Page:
Thomas Jefferson Papers
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Thomas Jefferson to James Monroe, 30 May 1813

To James Monroe

Monticello May 30. 13

Dear Sir

I thank you for the communication of the President’s message which has not yet reached us thro’ the public papers. it is an interesting document, always looked for with anxiety, and the late one is equally able as interesting. I hope Congress will act in conformity with it in all it’s parts. the unwarrantable ideas often expressed in the newspapers, and by persons who ought to know better, that I intermeddle in the Executive councils, and the indecent expressions sometimes of a hope that mr Madison will pursue the principles of my administration, expressions so disrespectful to his known abilities & dispositions, have rendered it improper in me to hazard suggestions to him on occasions even where ideas might occur to me, that might accidentally escape him. this reserve has been strengthened too by a consciousness that my views must be very imperfect from the want of a correct knolege of the whole ground.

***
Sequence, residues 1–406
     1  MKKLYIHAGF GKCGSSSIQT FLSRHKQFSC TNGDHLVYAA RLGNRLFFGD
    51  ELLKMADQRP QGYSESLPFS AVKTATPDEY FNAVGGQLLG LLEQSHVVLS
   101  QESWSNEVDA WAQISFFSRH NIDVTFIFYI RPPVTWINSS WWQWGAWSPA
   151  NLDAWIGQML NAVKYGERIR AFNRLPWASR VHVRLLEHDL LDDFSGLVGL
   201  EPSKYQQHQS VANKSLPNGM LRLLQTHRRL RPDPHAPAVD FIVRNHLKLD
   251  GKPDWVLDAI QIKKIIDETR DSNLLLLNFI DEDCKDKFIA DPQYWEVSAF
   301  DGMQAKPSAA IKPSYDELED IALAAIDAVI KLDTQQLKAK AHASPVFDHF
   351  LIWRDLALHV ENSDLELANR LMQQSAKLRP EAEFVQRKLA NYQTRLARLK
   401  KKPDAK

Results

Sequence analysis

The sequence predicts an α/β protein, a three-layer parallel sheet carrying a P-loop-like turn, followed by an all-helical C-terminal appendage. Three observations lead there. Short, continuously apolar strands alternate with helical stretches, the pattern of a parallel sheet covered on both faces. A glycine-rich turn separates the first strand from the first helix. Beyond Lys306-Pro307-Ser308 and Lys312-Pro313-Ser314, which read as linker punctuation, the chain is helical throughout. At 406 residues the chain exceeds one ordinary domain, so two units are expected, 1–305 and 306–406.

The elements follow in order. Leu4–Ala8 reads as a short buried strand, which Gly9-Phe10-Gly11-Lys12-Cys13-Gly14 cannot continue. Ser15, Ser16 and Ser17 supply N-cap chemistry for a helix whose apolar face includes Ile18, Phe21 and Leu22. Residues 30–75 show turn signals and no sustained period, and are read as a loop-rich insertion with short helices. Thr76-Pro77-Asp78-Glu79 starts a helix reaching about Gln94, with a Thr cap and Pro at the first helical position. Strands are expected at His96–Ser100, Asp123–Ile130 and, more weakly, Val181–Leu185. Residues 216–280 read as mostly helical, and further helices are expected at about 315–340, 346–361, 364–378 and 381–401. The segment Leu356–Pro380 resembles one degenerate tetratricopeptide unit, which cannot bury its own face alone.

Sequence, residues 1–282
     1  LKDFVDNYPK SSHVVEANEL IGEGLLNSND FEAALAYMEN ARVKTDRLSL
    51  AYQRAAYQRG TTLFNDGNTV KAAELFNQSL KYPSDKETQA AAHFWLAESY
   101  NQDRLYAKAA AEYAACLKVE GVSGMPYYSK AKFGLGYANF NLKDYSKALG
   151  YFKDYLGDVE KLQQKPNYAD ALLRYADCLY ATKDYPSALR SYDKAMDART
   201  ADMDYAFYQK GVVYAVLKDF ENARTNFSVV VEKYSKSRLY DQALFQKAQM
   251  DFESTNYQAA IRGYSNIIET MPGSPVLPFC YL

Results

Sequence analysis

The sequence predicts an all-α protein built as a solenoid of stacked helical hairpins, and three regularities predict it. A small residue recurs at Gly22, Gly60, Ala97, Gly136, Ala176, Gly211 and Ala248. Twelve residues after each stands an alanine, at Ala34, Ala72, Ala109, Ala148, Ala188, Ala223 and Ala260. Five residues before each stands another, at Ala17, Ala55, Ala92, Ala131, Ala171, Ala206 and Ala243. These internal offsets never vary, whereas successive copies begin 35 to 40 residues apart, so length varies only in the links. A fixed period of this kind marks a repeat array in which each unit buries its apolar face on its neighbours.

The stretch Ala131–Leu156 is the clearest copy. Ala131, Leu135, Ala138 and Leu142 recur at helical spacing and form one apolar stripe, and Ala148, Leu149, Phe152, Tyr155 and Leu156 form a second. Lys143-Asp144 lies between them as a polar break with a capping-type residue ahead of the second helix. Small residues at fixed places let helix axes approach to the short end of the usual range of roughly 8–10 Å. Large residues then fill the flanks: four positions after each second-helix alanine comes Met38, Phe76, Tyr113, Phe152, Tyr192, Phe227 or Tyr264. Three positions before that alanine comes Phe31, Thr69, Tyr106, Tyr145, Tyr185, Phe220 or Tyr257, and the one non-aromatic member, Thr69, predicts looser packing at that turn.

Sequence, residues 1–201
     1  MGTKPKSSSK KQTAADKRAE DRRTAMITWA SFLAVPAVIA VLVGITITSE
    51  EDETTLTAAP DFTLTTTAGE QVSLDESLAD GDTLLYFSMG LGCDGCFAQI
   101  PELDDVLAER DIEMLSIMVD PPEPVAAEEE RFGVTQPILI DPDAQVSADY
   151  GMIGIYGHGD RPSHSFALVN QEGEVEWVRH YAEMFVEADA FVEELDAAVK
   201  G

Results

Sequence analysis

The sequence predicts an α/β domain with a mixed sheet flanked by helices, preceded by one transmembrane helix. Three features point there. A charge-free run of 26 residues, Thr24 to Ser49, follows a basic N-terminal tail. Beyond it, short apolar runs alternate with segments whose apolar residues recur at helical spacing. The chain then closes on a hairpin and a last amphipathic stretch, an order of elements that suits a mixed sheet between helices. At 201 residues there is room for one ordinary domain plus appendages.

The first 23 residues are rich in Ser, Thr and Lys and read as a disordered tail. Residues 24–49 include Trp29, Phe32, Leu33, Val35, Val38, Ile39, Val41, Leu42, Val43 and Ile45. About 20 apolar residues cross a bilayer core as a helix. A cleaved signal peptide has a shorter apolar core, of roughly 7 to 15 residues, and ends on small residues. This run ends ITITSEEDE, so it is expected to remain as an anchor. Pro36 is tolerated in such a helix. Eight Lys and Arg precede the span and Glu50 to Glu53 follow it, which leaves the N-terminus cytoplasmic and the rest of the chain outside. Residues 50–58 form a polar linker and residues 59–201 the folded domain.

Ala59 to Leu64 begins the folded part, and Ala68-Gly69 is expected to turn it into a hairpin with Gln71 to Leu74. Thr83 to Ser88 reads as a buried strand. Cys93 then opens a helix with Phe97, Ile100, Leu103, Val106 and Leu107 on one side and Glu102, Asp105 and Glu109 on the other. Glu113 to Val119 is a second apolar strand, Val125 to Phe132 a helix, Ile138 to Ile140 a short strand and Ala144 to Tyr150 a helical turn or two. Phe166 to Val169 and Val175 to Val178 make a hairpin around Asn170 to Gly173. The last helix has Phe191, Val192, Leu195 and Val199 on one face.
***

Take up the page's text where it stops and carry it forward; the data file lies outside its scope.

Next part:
I lately however hazarded to him a suggestion on the defence of the Chesapeak because altho’ decided on provisionally with the Secretaries of War & the Navy formerly, yet as it was proposed only in the case of war, which did not actually arise, and not relating to his department, might not then have been communicated to him. of this fact my memory did not ascertain me. I will now hazard another suggestion to yourself, which indeed grows out of that one: it is, the policy of keeping our frigates together in a body, in some place where they can be defended against a superior naval force, and from whence nevertheless they can easily sally forth on the shortest warning. this would oblige the enemy to take stations or to cruize only in masses equal at least each of them to our whole force: and of course they could be acting only in 2. or 3. spots at a time, and the whole of our coast, except the 2. or 3. portions where they might1 be present, would be open to exportation and importation. I think all that part of the US. over which the waters of the Chesapeake spread themselves was blockaded in the early season by a single ship. this would keep our frigates in entire safety, as they would go out only occasionally to oppress a blockading force known to be weaker than themselves, and thus make them a real protection to our whole commerce. and it seems to me that this would be a more essential service, than that of going out by ones, or by twos, in search of adventures, which contribute little to the protection of our commerce, and not at all to the defence of our coast, or the shores of our inland waters. a defence of these by militia, is most harassing to them. the applications from Maryland, which I have seen in the papers, & those from Virginia which I suspect, merely because I see such masses of the militia calld off from their farms must be embarrassing to the Executive, not only from a knolege of the incompetency of such a mode of defence, but from the exhausture of funds which ought to be husbanded for the effectual operations of a long war. I fear too it will render the militia discontented, perhaps clamorous for an end of the war on any terms. I am happy to see that it is entirely popular as yet, and that no symptom2 of flinching from it appears among the people, as far as I can judge from the public papers, or from my own observation, limited to the few counties adjacent to the two branches of James river. I have such confidence that what I suggest has been already maturely discussed in the Cabinet, and that for wise & sufficient reasons the present mode of employing the frigates is the best, that I hesitate about sending this even after having written. yet, in that case it will only have given you the trouble of reading it, you will bury it in your own breast, as non-avenue, and see in it only an unnecessary zeal on my part, and a proof of the unlimited confidence of Your’s ever & affectionately